All parties involved harbor secrets.  No one has an inkling where Joe Green has come from, and he deftly manages to elude the cautious inquiries.  Vangie has told no one about her stillborn child.  When her secret is revealed in front of Joe, he and their friends grieve her loss with her, as if it were their own.
When John is reported missing in action, Vangie is torn between the seemingly undeserved loyalty she feels toward her husband and the gentle, playful love of Joe Greene.  Her decision is made for her when John is discovered in a Nazi POW camp and is returned to his home in Boston.  She rushes to his side, carrying a brand new secret under her heart.  
Like her namesake in Longfellow’s poem, Evangeline spends the next several decades separated from the man she loves.  She remains married and has three children with John, who is even more reticent with his emotions after his ordeal as a prisoner of war.  And the reader discovers that John also has his secrets.
Flash forward to 1993.  Vangie’s son, Charlie, a feature writer for an unnamed Boston area newspaper is given the assignment to cover the discovery of a missing World War II fighter plane off the coast of Hawke’s Cove.  The pilot had never been found, but Charlie has a hunch that he may still be alive and living an assumed life in Hawke’s Cove.  In the course of conversing with the town’s folks, he makes fast friends with Joe Green and his beautiful daughter, Maggie.  Soon all secrets are out.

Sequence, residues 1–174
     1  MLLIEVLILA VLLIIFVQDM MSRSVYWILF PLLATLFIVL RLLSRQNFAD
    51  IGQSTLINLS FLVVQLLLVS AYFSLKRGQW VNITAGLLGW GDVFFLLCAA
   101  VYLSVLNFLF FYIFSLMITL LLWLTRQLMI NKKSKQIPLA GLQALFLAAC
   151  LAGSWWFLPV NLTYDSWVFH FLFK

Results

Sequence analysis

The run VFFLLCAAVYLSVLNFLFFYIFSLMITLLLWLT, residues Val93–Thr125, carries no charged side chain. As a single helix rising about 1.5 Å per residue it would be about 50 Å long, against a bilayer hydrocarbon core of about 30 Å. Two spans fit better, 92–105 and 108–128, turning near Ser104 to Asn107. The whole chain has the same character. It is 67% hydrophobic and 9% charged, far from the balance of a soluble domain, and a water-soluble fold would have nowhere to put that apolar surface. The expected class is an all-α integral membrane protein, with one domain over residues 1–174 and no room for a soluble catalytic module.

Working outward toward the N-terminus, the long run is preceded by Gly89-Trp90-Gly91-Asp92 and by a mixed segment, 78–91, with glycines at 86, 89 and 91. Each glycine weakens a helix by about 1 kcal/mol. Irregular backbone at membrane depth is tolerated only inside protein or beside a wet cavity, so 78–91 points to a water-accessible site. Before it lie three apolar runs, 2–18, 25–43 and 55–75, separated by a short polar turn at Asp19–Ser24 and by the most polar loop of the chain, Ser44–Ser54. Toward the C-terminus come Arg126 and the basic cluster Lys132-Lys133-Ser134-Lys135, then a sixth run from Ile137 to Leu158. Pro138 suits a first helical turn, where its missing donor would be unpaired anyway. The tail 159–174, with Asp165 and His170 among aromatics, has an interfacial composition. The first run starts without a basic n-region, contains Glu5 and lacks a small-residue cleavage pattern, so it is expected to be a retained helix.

The characters in Hawke’s Cove are compelling.  As each of their stories is revealed, the reader is drawn to rooting them on and despairing when the words that could heal are left unsaid.  By allowing us to be privy to their inner visions, Ms. Wilson gives the reader a peek into each character’s emotional geography and the opportunity to cheer or lament that character’s part in the drama.  
The structure of the novel is unique, flowing and balanced....Ms. Wilson has constructed a powerful story inn two well-defined eras.  Small details give us a taste of life during World War II, the day-to-day of an insular community during a tragic time.